This is part of a series of reviews of the sessions held by the Science Communication Group on 13th September, in celebration of 21 years of the Science Communication MSc at Imperial College. We will be putting up reviews of each session over the next couple of weeks. If you went to the celebrations and would like to have your say, please get in touch: @I_science_mag, or via the contacts page.
Science on demand: what the web did to science communication.. And where next?
Chair: Gareth Mitchell (Lecturer in science communication, Imperial College)
Panel: Jonathan Fildes (Editor, BBC Future), Martha Henderson (Multimedia Producer, Wellcome Collection), Kate Kahl (Social Media Manager, CERN), Helen Morant (Editor Online Learning, BMJ Learning).
Gareth Mitchell, chair for this lecture, made the point that if this talk were held at the very start of the Science Communication course 21 years ago, the World Wide Web would have been in its infancy, and we might have had a very different concept of “social media”. And so this talk quickly took the form of a celebration of the fantastic opportunities the web has afforded science communication and its potential future directions.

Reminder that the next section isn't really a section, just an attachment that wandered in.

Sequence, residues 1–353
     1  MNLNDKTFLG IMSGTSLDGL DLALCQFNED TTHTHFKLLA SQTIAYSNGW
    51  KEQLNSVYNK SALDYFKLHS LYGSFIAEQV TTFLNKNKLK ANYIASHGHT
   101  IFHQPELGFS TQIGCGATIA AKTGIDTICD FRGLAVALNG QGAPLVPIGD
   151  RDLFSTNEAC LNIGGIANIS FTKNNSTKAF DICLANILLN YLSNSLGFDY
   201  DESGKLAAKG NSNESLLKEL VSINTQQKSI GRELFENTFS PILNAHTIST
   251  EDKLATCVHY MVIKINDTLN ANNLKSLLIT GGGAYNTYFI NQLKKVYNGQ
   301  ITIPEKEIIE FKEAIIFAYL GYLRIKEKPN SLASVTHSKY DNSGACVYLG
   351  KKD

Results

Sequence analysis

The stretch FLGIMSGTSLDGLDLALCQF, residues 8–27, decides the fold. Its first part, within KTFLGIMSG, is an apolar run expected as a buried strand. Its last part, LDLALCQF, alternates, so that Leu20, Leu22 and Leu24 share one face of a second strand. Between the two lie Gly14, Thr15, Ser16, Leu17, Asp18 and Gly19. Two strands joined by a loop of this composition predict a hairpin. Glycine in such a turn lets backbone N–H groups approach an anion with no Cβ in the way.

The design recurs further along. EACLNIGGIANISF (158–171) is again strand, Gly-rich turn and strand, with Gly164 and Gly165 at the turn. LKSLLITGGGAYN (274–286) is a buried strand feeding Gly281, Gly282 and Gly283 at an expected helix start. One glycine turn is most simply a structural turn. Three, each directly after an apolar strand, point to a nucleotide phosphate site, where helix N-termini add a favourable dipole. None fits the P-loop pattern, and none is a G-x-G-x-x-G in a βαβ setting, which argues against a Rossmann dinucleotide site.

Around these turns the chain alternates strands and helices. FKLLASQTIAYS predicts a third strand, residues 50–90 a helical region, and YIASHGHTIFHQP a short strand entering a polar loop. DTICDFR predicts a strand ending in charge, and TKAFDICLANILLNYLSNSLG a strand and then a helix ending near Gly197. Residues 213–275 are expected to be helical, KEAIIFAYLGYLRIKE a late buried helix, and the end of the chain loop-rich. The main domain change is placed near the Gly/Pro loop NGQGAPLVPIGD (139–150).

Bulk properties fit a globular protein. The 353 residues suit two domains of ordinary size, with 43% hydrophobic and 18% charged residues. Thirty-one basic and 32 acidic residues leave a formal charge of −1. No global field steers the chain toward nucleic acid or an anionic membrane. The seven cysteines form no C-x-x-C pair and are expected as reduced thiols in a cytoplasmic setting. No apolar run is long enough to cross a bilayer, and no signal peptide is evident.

To begin, the editor of BBC Future, Jonathan Fildes, reminisced on the early, difficult days of live-streaming radio broadcasts. After which, Martha Henderson demonstrated the Wellcome Trust’s latest attempt to educate the public in the ways of neuroscience via the online game, Axon.
Kate Kahle, social media manager at CERN, then threw everything into perspective with her description of that fateful day on 4th July 2012, revealing that the discovery of the “God particle” actually managed to reach news desks via social media before even the press releases. However, in addition to being far-reaching the web has also allowed for further specialisation, as pointed out by Helen Morant, noting that BMJ Learning is primarily aimed at further educating doctors.
The web has lowered barriers, enabling more people than ever before to share information and their opinions. Although this has obvious benefits, everyone on the panel acknowledged its darker side. The potential for an echo chamber effect – the ability of many voices to reinforce a view – to spread negativity or misinformation is one of the disadvantages.
Would the hypothetical panellists of the same talk 21 years ago have predicted the emergence of Facebook, online gaming and Twitter? In finishing, their contemporaries attempted their own futurist impersonations; citing a rise in data, increased accessibility and augmented reality as potential hot topics for the next two decades.